Nuku'alofa, Tonga
Tonga's stunning ngatu provide testimony to the considerable antiquity of Tongan artistic designs. Variation of the ngatu patterns, and the way these are organized, had been inscribed on the surfaces of Lapita pottery in Tonga almost 3,000 years ago. By David V. Burley.
Friday 7 February 2020

Nuku'alofa, Tonga
People first arrived in Vava‘u between 850 and 810 BC, establishing themselves on the south central islands offshore of ‘Uta Vava’u. The earliest sites at Ofu, Pangaimotu and Otea are all but identical in their age, and they are coincidental with the oldest sites in Ha’apai. Bird remains aside, excavations of other types of food remains at these sites have an unexpected story to tell: one of scarcity. Fish remains were shockingly limited! Shellfish counts and species diversity are similarly impoverished, illustrating limited productivity, or at least limited sustainability, for reef foraging efforts. By David V. Burley.
Wednesday 15 January 2020

Nuku'alofa, Tonga
We can confidently position first settlement in Ha’apai between 825 and 810 BC, only three generations (75 years) after the first Lapita canoes arrived at Fanga ‘Uta Lagoon on Tongatapu. The dates for individual Lapita sites are informative. They not only answer the question of when, but they reflect upon the process by which the expansion was undertaken. Within Ha‘apai, simultaneous settlement, widely dispersed hamlets on different islands, and small groups of people clearly speak to a planned and organized strategy. In its creation of a settlement network northward from Tongatapu, it brilliantly laid title to these islands. By David Burley.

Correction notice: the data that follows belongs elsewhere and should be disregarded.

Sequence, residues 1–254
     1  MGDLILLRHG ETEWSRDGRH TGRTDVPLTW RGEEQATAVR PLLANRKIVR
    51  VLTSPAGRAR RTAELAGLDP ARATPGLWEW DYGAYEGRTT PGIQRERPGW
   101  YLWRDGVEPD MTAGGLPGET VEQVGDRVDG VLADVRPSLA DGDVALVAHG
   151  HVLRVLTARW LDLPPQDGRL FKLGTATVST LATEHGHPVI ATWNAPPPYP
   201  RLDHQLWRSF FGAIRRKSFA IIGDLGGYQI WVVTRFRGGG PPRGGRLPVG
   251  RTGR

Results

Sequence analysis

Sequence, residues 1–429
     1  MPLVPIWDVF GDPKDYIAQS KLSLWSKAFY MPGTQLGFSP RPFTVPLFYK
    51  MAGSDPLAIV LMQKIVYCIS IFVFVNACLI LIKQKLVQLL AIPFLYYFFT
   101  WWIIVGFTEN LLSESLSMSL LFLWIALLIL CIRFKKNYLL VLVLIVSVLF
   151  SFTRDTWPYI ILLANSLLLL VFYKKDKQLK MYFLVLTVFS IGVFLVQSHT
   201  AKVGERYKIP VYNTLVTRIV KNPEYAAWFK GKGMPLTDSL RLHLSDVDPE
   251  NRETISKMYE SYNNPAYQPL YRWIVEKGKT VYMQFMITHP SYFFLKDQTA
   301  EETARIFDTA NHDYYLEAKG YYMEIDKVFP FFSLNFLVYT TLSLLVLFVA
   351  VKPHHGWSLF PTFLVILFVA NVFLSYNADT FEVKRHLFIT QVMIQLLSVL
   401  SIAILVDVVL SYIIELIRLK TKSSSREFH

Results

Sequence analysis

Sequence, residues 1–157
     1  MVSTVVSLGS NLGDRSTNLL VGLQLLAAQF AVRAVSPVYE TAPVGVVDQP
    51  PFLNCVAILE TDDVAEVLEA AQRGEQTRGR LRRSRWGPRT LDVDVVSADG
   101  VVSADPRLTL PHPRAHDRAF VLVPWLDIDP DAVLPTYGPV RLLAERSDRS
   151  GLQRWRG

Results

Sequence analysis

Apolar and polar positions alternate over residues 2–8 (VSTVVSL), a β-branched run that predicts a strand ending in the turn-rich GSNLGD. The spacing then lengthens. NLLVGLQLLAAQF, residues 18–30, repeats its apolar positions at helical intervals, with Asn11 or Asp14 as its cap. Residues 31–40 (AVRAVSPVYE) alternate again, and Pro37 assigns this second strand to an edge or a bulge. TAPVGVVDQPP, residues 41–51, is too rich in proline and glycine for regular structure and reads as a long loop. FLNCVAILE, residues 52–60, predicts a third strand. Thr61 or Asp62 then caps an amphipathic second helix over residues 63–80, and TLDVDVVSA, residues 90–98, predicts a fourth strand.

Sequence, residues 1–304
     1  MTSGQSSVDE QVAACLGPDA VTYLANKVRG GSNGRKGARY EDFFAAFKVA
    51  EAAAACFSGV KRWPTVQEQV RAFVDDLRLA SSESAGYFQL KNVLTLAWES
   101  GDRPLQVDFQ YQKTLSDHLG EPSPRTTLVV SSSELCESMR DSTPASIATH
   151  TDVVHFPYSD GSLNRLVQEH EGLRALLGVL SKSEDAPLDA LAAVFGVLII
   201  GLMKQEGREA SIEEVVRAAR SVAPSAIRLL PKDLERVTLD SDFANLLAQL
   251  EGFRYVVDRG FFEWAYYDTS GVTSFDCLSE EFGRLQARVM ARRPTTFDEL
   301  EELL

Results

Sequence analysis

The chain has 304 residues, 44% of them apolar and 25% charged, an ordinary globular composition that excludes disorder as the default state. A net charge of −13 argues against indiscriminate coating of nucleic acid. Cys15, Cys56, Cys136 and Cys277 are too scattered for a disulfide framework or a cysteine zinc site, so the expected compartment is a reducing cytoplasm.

Thursday 2 January 2020

Nuku'alofa, Tonga
There are rare moments on an archaeological project which offer extraordinary insight into the past or when the past connects with the present in an utterly astonishing way. Both occurred in late July of 2007, as we were carrying out archaeological excavations in the village of Nukuleka at the northeast entrance to Fanga ‘Uta Lagoon on Tongatapu. This story is about the documentation of a shell game, taupita, but a shell game, as we found out, with an almost 3000-year-old history. It also is a story that binds Tonga’s earliest Lapita ancestors to the people of Nukuleka today. By David Burley and Sean Connaughton.
Monday 16 December 2019

Nuku'alofa, Tonga
Tongatapu was a far different place 3000 years ago, one few of us can imagine today. The sea was higher, almost 1.4 m higher. Much of the land on which the city of Nuku‘alofa now sits was not land at all. It was about 900 BC when voyaging canoes first arrived from a homeland to the west. These kalia carried a small group of people and all of the necessities they would need to settle new found islands. They were the first Tongans. By David Burley
Tuesday 5 March 2019

Brisbane, Australia
A recent study of four ancient bone tattoo comb tools, found in Tonga in 1963-64, has revealed they are the oldest confirmed in the world, and surprisingly two are made from human bone, say researchers in Australia. Radiocarbon dating determined the tools to be 2,700 years old